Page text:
Power Point Techpaddles Dec 2008

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Information about Power Point Techpaddles Dec 2008

Published on December 19, 2008

Author: tomtopo

Source: authorstream.com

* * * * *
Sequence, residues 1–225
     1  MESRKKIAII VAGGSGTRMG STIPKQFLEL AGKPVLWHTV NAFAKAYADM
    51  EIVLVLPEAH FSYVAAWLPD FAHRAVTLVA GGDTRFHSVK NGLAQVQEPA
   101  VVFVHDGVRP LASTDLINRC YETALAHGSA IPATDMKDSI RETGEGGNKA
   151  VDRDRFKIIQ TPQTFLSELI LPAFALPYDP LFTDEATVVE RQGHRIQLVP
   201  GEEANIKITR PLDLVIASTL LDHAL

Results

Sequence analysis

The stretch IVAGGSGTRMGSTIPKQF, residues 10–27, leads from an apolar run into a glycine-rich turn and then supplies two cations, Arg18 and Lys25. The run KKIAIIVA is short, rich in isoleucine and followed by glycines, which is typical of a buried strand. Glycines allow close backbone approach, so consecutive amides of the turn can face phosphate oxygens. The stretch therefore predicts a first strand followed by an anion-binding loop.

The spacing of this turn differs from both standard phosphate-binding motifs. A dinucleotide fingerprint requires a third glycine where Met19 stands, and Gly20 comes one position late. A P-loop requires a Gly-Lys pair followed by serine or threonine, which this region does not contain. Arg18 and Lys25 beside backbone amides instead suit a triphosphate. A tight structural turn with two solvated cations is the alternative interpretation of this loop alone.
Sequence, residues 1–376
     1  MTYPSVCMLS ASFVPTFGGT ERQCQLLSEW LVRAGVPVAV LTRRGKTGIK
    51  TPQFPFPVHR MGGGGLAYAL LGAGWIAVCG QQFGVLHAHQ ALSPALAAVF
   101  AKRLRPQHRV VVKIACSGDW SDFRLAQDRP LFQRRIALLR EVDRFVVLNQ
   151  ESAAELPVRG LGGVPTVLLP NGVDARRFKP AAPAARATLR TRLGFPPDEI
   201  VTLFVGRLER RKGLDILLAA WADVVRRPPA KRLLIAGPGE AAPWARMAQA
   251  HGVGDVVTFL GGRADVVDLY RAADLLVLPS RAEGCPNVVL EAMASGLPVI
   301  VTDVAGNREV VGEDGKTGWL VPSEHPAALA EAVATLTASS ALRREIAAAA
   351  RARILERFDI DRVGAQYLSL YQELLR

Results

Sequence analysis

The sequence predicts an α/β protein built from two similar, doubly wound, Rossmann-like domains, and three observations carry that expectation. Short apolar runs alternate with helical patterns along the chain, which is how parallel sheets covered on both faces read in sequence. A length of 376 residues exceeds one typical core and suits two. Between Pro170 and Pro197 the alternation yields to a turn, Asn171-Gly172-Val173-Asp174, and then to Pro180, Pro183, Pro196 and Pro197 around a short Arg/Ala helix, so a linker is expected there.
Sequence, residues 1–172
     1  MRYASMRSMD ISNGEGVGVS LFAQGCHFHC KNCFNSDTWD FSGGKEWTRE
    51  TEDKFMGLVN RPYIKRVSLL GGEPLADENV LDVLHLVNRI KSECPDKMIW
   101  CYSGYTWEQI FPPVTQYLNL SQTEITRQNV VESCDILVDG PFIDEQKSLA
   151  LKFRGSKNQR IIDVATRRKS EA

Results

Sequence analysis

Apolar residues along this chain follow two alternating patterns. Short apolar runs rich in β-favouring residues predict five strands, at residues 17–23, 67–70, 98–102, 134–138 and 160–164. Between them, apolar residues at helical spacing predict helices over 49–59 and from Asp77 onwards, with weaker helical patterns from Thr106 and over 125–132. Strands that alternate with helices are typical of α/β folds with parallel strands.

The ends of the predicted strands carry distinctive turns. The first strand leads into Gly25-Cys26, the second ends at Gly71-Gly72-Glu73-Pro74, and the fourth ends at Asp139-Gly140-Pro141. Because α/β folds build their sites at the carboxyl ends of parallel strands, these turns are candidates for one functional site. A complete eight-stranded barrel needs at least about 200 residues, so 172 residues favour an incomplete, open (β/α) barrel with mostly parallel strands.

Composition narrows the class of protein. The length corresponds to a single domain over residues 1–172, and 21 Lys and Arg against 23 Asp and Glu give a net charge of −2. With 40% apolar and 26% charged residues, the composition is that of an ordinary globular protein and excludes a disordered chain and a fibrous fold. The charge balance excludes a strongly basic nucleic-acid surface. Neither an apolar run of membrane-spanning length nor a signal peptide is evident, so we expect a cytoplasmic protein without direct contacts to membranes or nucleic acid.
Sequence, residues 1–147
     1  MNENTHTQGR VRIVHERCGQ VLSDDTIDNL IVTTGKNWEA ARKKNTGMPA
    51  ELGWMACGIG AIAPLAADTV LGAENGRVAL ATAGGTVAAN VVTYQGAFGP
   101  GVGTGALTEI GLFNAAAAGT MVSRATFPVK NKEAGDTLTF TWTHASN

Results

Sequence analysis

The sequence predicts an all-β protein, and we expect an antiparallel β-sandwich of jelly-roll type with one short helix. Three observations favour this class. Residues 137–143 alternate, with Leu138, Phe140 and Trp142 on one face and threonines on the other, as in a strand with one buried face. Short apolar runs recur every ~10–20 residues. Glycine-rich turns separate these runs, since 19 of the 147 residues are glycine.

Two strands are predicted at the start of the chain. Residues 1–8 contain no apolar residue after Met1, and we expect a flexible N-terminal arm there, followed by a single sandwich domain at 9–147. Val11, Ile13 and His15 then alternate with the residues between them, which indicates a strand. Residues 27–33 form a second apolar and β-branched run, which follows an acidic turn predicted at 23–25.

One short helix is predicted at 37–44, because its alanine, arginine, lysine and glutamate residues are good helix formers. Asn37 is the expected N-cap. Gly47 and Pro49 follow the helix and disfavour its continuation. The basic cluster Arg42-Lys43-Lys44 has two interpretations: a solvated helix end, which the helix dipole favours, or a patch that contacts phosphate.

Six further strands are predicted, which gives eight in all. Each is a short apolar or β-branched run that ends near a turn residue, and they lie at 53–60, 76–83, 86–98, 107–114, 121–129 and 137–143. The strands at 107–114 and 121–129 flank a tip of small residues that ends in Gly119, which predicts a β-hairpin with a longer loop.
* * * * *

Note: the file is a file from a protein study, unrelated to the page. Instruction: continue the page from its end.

Slide 1: Techpaddle the patented EVF Trainer and Early Vertical Forearm (EVF) Training In Search of the Dreaded Dropped Elbow. by Coach Emmett Hines. GMSC Newsletter in 1990 : In Search of the Dreaded Dropped Elbow. by Coach Emmett Hines. GMSC Newsletter in 1990 This is EVF This is Not WHAT IS A TECHPADDLE? : WHAT IS A TECHPADDLE? The techpaddle is a patented forearm paddle designed to improve your CATCH! Why doesn’t my coach make us use them? : Think it’s a gimmick – Don’t think they’ll work Not knowledgeable - Don’t understand the benefits of improving the catch or don’t understand how to teach it Old school – I never used them or it’ll just make more work for me Do not like change – We only train with kick boards, pull bouys and hand-paddles Why doesn’t my coach make us use them? Reason’s Why Every Swimmer Should use techpaddles : Reason’s Why Every Swimmer Should use techpaddles It’s the only EVF forearm paddle that is designed to improve only one thing - “THE CATCH” Every swimmer has a catch and it’s a critical element that separates every level of swimmer – techpaddles improve your “CATCH” Swimmers are forced to think about their catch when they use them All the swimmers using them everyday will rise to a higher level and thus the program rises as well Swimmers will begin to understand the importance of improving their catch Why are they different fromHand-paddles : Why are they different fromHand-paddles You don’t wear them on your hand you wear them on your forearm They don’t increase the area of your hand they decrease it when you close your hand around the paddle You only train with them only 50 to 100 yards (before practice, in the middle of practice and at the end of practice). How do you use it? : How do you use it? When you buy a pair of techpaddles, they come with a DVD. You can go to www.youtube.com and type in EVF + Swimming where you can watch many different videos showing drills you can do to get faster. How Important is anEarly Vertical Forearm ? : How Important is anEarly Vertical Forearm ? “It's the single most important skill (Early Vertical Forearm Position) that differentiates every level.”  George Block - American Swimming Coaches Association (Past President and Head Swimming Coach NISD) Overwhelming Evidence : Overwhelming Evidence 16 of 20 Gold Medals at the last Games where won with a EVF Stroke Out of all the medals 43 of 60 Medals where won with a high-elbow stroke Russell Mark biomechanist at USA-Swimming during a presentation at the National Team Coaches meeting in 2006. EVF is critical to every stroke : EVF is critical to every stroke Freestyle Butterfly Backstroke Breaststroke Where Does EVF Happen? : Where Does EVF Happen? Each competitive stroke can be separated into four different segments or quadrants. The front quadrant is where the forearm and hand “set-up” the stroke; the second quadrant is where power of the stroke occurs; the third quadrant where the recovery is initiated and the fourth quadrant is where the recovery makes the transition to the entry. The all important EVF position can be found in the first and second quadrant of each stroke. History of the Early Vertical Forearm : History of the Early Vertical Forearm The catch or specifically the Early Vertical Forearm position was brought to the forefront of competitive swimming in the early 70’s by the research and swimming video taken by Dr. James E. Councilman. One of the many things “Doc’s” underwater video found was the beginning hand and arm motions during freestyle looked as if the swimmer were reaching over a barrel (Catch or EVF). Doc found that the hands of great swimmers, like Mark Spitz, entered and exited the water at the same spot. This meant that great swimmers hold onto water and pull their body over their hand, versus slower swimmers who move their hands past their body. Golf and Swimming? : Golf and Swimming? In Golf; you can’t start your swing with a fast motion because it contributes to a loss of tempo, and position, and ultimately the loss of power. In Swimming; When the hand and arm start in the wrong position, the swimmer is creating an environment ripe for a dropped elbow (opposite of an EVF). Pulling too fast, too hard and in the wrong position, increases vortices behind the hand and promotes a dropped elbow, and ultimately the loss of power. An EVF helps “Set-up” your stroke. Description of the EVF : Description of the EVF • When your hand enters the water, palm is down towards the bottom of the pool. • If you start pulling now, without doing anything else, you will be directing force downward and lifting your body, rather than moving your body forward. • This continues until the natural sweep of your arm stroke eventually directs forces rearward. • The correct idea is to get your palm from "down" to "facing rearward" (and thus pushing you forward) as quickly as possible. • The proper way to do this is by bending the elbow, or "catching" the water as soon as possible. For cycling, this would be analogous to "rolling the barrel" at the top of your pedal stroke and beginning to apply power at noon, rather waiting until 2:00 or 3:00.” Rich Straus, a noted triathlon coach, http://www.trifuel.com/triathlon/swim/propulsive-swimming-and-the-catch-000830.php Exercises to Improve your EVF : Exercises to Improve your EVF EVF isn’t about pulling – It’s about holding this position EVF Exercises EVF Positioning Exercise EVF isn’t about Pulling Back Row w / stretch-cord Testimonials : Testimonials Chris Price --- Master Swimmer At 1st they felt very weird, in fact I felt like I was slowly drowning. That is when I realized I was not in good form. It is a very slow process, however once I got the "" Feel "" of the water I notice my "" drowning "" sensation abated and I felt a better forward movement. When people use to talk about feeling the water, I had know idea what they where talking about. Now in my regular work outs I try and slow my stroke down and really reach for the water. I have been keeping up with my lane partner (who is about 10% faster than I am without the usual exhaustion I felt before working on the EVF. Scott Kerr --- Coach This is my second order of the paddles. I got some this summer, and they where great! I think these paddles work great Heinz Dittrich --- Coach This is Heinz from South Africa starting to use your tech paddles and to control the speed I use pacer system, setting 120.So far all the swimmers are giving me positive feed back. Great invention. Testimonials : Testimonials Connie Jackson --- Coach/Instructor/Master Swimmer I would use the techpaddles during my warm-up, again in the middle and usually during my cool-down. I mainly concentrated on freestyle, but did attempt some breaststroke and some fly. I definitely will use the techpaddles and/or fist gloves before or after practice or while swimming on my own. I also give swimming lessons to a few summer swim league kids. Ibought a pair of child's techpaddles as well. My youngest student is 5 years old and I like the idea of using the boogie board. While there has been improvement in the kids’ strokes I am very excited about them using the techpaddles during their lessons. Dr. Kemp Battle MD -- Master Swimmer I've struggled for years to develop a more dominantly EVF stroke. To have the message delivered authoritatively in a way that appeals to the need for reasonable explanations and an immediate tactile feedback has made this a valuable tool. Testimonials : Testimonials Kevin McCormack –Master Swimmer I love the paddles! I am a 53yr.old who has competed in Masters for 19 years. I am usually ranked in the top 10 in the USA in my age group for sprint butterfly; however, my freestyle has always been non-competitive. The paddles are allowing me to focus on the catch. After using them regularly for a couple of months, my freestyle seems to be improving. As you noted in your article, I need to race to see where I'm at. By the way, my teammates tease me about buying every swim toy that comes out. Often I use the item for a day or week and then give it away after I realize that it won't help me. Your paddles are still in my bag and I'm careful about lending them to others. Tom Nickoloff -- Masters SwimmerPrior to the techpaddle, I had a very good EVF (according to my coach), but still found that the techpaddle is a great warm-up aid... it conditions my muscle memory at the beginning of a workout, and that links with my brain, so as the workout goes on (without the techpaddles) and I'm getting tired (when our strokes normally start to break down), it's easier for me to keep good stroke posture, rotation, EVF etc... bottom-line is that when used as a warm-up aid, they allow me to focus even longer on great stroke work...I must confess they're a little funky to use the first time or so... we're so conditioned to go faster that the whole sensation is strange... but tell your future clients/users to stick with it... after a few workouts, they'll love it. Testimonials : Testimonials Jack Fabian, Ph.D. --- National Development Coach I am very impressed with the techpaddle.  I am using these last few weeks of August to test them out with some of my age group elite swimmers during some optional practices I am running--- during what is usually a break for the team. We did some head up swimming with and without the paddles using a waterpolo ball.  The set was challenging and the swimmers felt it was very useful with regards to improving their catch. I have also been using them for long slow swims at the beginning and end of practice.   David --- Casper Wyoming - H.S. Swimmer I had been notorious for leading my strokes with my elbows, but after using the Swimming Stroke Trainer multiple times, my swimming felt far more efficient. One thin when using the stroke trainer is that you have to be self-conscious of how your are are setting-up in the water (it won’t do all the work for you). Testimonials : Testimonials Jennie Piche --- Coach I received my techpaddles near the end of our swim season so haven’t been able to put them to good use. I have had some of my swimmers swim with the techpaddles for a 25m, walk back, then swim 25m without them trying to keep the same feel. It was like a light bulb went on!! They were feeling the water better and swimming faster! Even the parents watching could see a difference in their speed. The swimmers' I've run into over the summer, have already asked if they can use the paddles during practice in the new season. I’m looking forward to seeing improvements not only in technique but times dropping too. Dave Joensen --- Coach I've been very pleased with the paddle.  It's helped my stroke immensely.  I've gotten stronger and my stroke is more balanced.  I've noticed an improved ability to keep my stroke together during a practice.  Most important, is I've gotten faster.  It's very tiring to use, but the benefits are worth it.  The swimmers I've had use it have noticed similar improvement.  It's a way for them to understand what is meant by a high elbow catch and pull. Thanks for your work in developing this paddle Testimonials : Testimonials Stu McAllister --- Triathlete"I have found that the (EVF training) techpaddle has helped with my form and in helping to strengthen my shoulders." Libby Westrate  --- H.S. Swimmer "Using the (catch trainer) techpaddle made me feel like my stroke was smoother and faster." Elizabeth Vaughn --- H.S. Swimmer"I could really feel a difference in my stroke when I was using the techpaddle." Zing Allsopp --- Master’s Swimmer I really like my Techpaddles, even if they're rather "funky" looking. Some of my friends have even described them as my "paddle thingies." I gave up my hand paddles a while back simply because they were clutsy and worked my shoulders more than I cared for. The Techpaddles may be "clutsy" looking, but they've made me more aware of my forearms -- and that's a good thing. Testimonials : Testimonials Dean Hawks --- Swimming Coach Casper Wyoming"I used the EVF techpaddle with David or most of the high school season. David swam freestyle with almost a straight arm. After 3-4 weeks using the (forearm trainer) techpaddles, there was a noticeable difference in his strokes. After 8 weeks his times dropped substantially. 100 Fly dropped from a 1:10 to a: 55, 200 Free from a 1:59 to a 1:54, Breaststroke from a 1:10 to a 1:04, 200 IM from a 2:10 to a 2:02 Mary Reily Magee --- Owner of The Love to Swim School"I found the (EVF trainer) techpaddle to be useful in teaching the feel of the Catch / Catch Phase of the freestyle stroke. It is an invaluable tool". Tom Trout --- USA Certified Triathlon Coach"I've been using (EVF trainer) techpaddles consistently for about three weeks, and I am already noticing a difference in the angle of my elbow as I begin my catch.  My elbow is higher in the water than it had been previously.  This effect is even more pronounced immediately after swimming a set with the (EVF )techpaddles Testimonials : Testimonials George Block -- American Swimming Coaches Association (Past President) / Head Swimming Coach NISD"They are INCREDIBLY cool. We played with them with some chronic elbow-droppers or straight-armers. They all found the EVF position very quickly.  It's the single most important skill (Early Vertical Forearm Position) that differentiates every level.  For the first time they were able to accelerate from the EVF position. They took them off and still "kept the feel." Bob Steele -- Swimming Coach of five NCAA II National Swimming Championships"One of my new swimmers had been on a plateau, the result of difficulty overcoming a dropped elbow and catch-up freestyle. After one season of mornings, using the (EVF trainer) techpaddles, he improved in the 200 by 3 seconds, 500 by 7 seconds, the 1000 by 17 seconds, and the 1650 by 26 seconds. While he did many things to improve his events, the (catch training) techpaddles forced him to generate more power by pushing with a high elbow for the front to the back of his stroke." Testimonials : Testimonials Dave Stebbins --- 2006 Hawaii Iron Qualifier The swim was my best by 1 min over the last 2 years. (31:17) for 1.2miles. Thanks to the (EVF trainer) techpaddles. (August 2006) Tom Trout --- USA Certified Triathlon Coach / Tri Tip of the Week (August 7, 2006) "Swimming Faster"I've enjoyed moving to a new level in swimming this year, which I believe is due (in part) to a few minor changes to my swim training. First, I have incorporated a new swim device into my drills. The device is called a "techpaddle", which assists swimmers with developing what is called an "Early Vertical Forearm" or EVF. EVF allows the swimmer to keep their elbow high in the water when beginning their pull. In doing so, more surface area from the arm is used in the pull...allowing for a more efficient and more powerful stroke. John Leonard -- American Swimming Coaches Association (Current President) “Tried them (techpaddles) with a good 14 year old female distance swimmer and a good 9 year old. The paddles perform exactly as you say they do in your materials”. EVF Video Clips : EVF Video Clips http://www.nyhoff.net/swimcity/Crawl-SwimcityMediaCentre-VDH200mHeat6Sydney2000.mpg http: http://www.nyhoff.net/swimcity/Crawl-SwimcityMediaCentre-Davis&VDHGoldWR200mSydney2000.mpg//www.nyhoff.net/swimcity/Crawl-SwimcityMediaCentre-IanThorpeFront.mpg http://www.nyhoff.net/swimcity/Crawl-SwimcityMediaCentre-GrantHackett1500mGoldSydney2000.mpg http://www.nyhoff.net/swimcity/Crawl-SwimcityMediaCentre-Bennett&Poll400mHeat3Sydney2000.mpg http://www.nyhoff.net/swimcity/Crawl-SwimcityMediaCentre-BennettGold&PollBronze400mSydney2000.mpg http://www.nyhoff.net/swimcity/Backstroke-SwimcityMediaCentre-KrayzelburgGoldOR&WelshSilver100m19-22Sydney2000.mpg http://www.nyhoff.net/swimcity/Backstroke-SwimcityMediaCentre-NakamuraSilver&MocanuGoldOR100mSydney2000.mpg Shouldn’t you be working on your EVF. Go to http://www.techpaddle.com EVF Video Clips : EVF Video Clips A wonderful collection of underwater videos that support the importance of an Early Vertical Forearm Position for every competitive stroke. Start swimming faster!!! http://www.swimmingcyclingrunning.com/Videos/HackettBrilliant.mpeg http://www.svl.ch/ElbowsHigh/ http://www.svl.ch/CrawlAnalysis/ http://swimdownhill.com/_wsn/page3.html http://youtube.com/watch?v=ub-_LlqR23g&search=ian%20thorpe http://video.google.com/videoplay?docid=-1387883746453817821 http://youtube.com/watch?v=ub-_LlqR23g&search=ian%20thorpe http://youtube.com/watch?v=rjbQp5fjBO0&search=ian%20thorpe http://youtube.com/watch?v=P31XJ16C4Ag http:// Shouldn’t you be working on your EVF. Go to http://www.techpaddle.com Your techpaddles : Your techpaddles The techpaddle is a revolutionary forearm swim training paddle designed to promote an Early Vertical Forearm (EVF) and they should be used by Freestylers, Backstrokers, Breaststrokers, and Butterflyers.  The techpaddle is a training device that is used slowly and should not be used like handpaddles. Start training with them in short training bouts and at swimming speeds 50% to 75% Slower than normal. Developing an EVF requires concentration on form, not speed. The techpaddle helps you create the muscle memory (habits) that will stay with you during each and every race. If world record holders spend hours trying to improve their "catch", shouldn't you? Choose the correct size for your needs. Make sure the paddles are secure but not uncomfortable. Don't hold onto the handle to tightly and don't open your hand. You grip your hand around the handle to dilute the effect an open hand has during propulsion (don't cheat by opening your grip). Using the techpaddle : Using the techpaddle Begin each stroke and each drill with a streamline position and full extension of the arm or arms. Move your knuckles down and outside the shoulders, this motion will put your forearm in a vertical position where your knuckles are directly under the elbow (above the elbow in the backstroke). Once a vertical forearm position is established early and in front of the shoulders, the rest of the pulling pattern will follow. Swimming too fast doesn't allow the swimmer to keep the forearm in front of the shoulders, so it's worth saying again - Slow Down! By establishing an Early Vertical Forearm, for as long as possible, muscle memory begins to develop a championship propulsive habit responsible for speed. Use one arm drills that allow you to focus on each arm independently (for backstroke and freestyle). Use a dogpaddle drill to focus only on the EVF for freestyle. Use simultaneous two arm dogpaddle drills to double the EVF exposure time for freestyle, breaststroke and butterfly. Swim very slowly for forty minutes or more and only concentrate on one thing - Your EVF. How can it help you : How can it help you When training long and hard isn’t enough to get swimmers to drop time, it’s time to train smarter. Give your swimmers the edge using correct practice technique; muscle memory begins to guide their stroke toward the perfect catch. Watch how times drop, all because of the patented ergo-dynamic technology that helps swimmers train smarter and develop efficient propulsive habits. Now, recreational swimmers have a device that will help them achieve the same propulsive techniques used by the best swimmers in the world. The use of swimming to improve one’s health, to lose weight, and to improve a person’s feeling of general well being is well documented. The patented techpaddle allows novice swimmers the chance to make swimming more enjoyable. The patented techpaddle was designed to help competitive swimmers improve by training smarter. No product in the world helps competitive swimmers and helps improve all four competitive strokes like the techpaddle. Improve the EVF in your stroke with the techpaddle and watch your times drop. Extra time spent using the techpaddle is less time on the stopwatch.